Unlike materials made from leather, paper or a particular metal, it is not possible to recommend generalised storage and display conditions which will satisfy the conservation requirements of all rock and mineral samples. This is because of the potentially differing conditions needed to preserve the range of chemical types that may comprise such a collection.
Unfortunately in a publication of this size it is also not possible to specify all mineral types and their particular conservation requirements. As conditions for storage and display may have to be tailor-made to cater for the differing sensitivities of materials in a collection, custodians of collections will need to refer to specialised publications (Howie 1992) and contact experts in the field for more specific information.
It is obviously very important to identify the minerals and rocks that make up a collection. Unless materials are correctly identified their needs cannot be adequately catered for. Consult experts and textbooks to ensure that correct identifications are made for all specimens in a collection.
General information can be provided however, which will act as a guide for the care of these types of collections. Protect materials against:
- physical damage by abrasion or shock;
- unfavourable environments;
- inappropriate chemical treatments; and
- poor handling.
It is generally accepted that rocks and minerals are best stored in clean, dustproof surroundings in which conditions of low light and stable, moderate temperatures and relative humidity levels prevail.
Ideal conditions have been described as 50 % relative humidity at 15 – 20 °C (Price 1992). These ‘ideal’ conditions however cannot be broadly applied as deterioration mechanisms and the impact of changes in factors such as relative humidity for example, vary from mineral to mineral Apply strategies previously described to minimise damage from overexposure to light or inappropriate conditions of temperature and relative humidity (see the chapter Preventive Conservation: Agents of Decay).
Of these factors, relative humidity control is the most critical as inappropriate relative humidity conditions can lead to corrosion, gain or loss of water from crystal structures, changes from one crystal phase to another and fracturing of crystals by mechanical stresses induced by cycles of moisture gain and loss.
Store specimens prone to corrosion at relative humidity levels between 30 and 60 %. Stability is enhanced as the relative humidity is lowered. Pyrite is one example of a mineral that will oxidise unless the relative humidity is strictly controlled.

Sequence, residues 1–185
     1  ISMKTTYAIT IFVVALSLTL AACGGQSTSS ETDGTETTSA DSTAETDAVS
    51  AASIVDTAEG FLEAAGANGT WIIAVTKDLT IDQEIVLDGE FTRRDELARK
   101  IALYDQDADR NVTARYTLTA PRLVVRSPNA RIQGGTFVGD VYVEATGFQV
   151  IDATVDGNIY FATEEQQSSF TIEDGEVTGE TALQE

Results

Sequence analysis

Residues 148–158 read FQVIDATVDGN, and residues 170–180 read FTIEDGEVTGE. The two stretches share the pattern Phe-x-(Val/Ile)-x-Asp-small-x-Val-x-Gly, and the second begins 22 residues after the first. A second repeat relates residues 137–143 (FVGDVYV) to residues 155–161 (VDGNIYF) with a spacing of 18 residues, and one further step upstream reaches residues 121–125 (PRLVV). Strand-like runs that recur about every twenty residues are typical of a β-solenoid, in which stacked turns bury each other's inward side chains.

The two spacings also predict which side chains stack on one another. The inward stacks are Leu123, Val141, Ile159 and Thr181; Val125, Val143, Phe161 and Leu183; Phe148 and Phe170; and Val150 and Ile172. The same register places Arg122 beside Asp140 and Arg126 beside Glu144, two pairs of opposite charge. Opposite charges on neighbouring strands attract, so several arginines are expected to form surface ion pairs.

Begin the care and conservation of rocks and minerals at their point of collection. From this time ensure that:
- poor handling does not lead to physical damage;
- specimens are not ‘over-cleaned’; and
- environmental fluctuations are taken into account in transporting the specimens from the point of recovery to their new environment.
Some samples such as fluorite, wulfenite, apatites and fibrous zeolites are susceptible to physical damage. Follow the usual guidelines when handling these objects (see the chapter Handling, Packing and Storage). If delicate samples of these types are to be packaged for transport take additional care, as outlined below:
- wrap specimens in acid-free tissue and place in labelled, washed cotton or linen bags to minimise physical damage; and
- seal the wrapped specimens in polythene bags to buffer against environmental changes that may occur in transit.
For transporting particularly vulnerable specimens such as wulfenite and zeolites “open tissue-lined trays and transport by hand is perhaps the only practical method” (King 1992a).
Storage and Display
When designing storage conditions, take into account the needs of the specimens and of the people that care for them. For example, store mercury in sealed containers to prevent loss through evaporation and poisoning by inhalation of toxic vapours. Take similar care when storing radioactive materials. The degree and type of radioactive emission (alpha, beta or gamma radiation) will determine the type of storage facility required.
Use archival quality materials for any materials that are likely to come into contact with the specimens so that their chemical stabilities are not jeopardised.
Materials used in the construction of the storage building and in storage or display areas may also affect specimens. The alkaline nature of concrete for example, is likely to affect metals, sulphides and silicates. A comprehensive list of common construction materials, their likely effects on mineral specimens and recommended actions is provided in Howie (Appendix I, 1992).
Storage options for particularly sensitive specimens include:
- sealing in glass ampoules or tubes;
- refrigerated containers or environments; and
- buffered micro-environments (silica gel, zeolites).
In all cases the chemical stabilities and sensitivities of specimens must be known before undertaking a particular type of storage. Transparent containers are recommended so that the condition of samples can be monitored easily.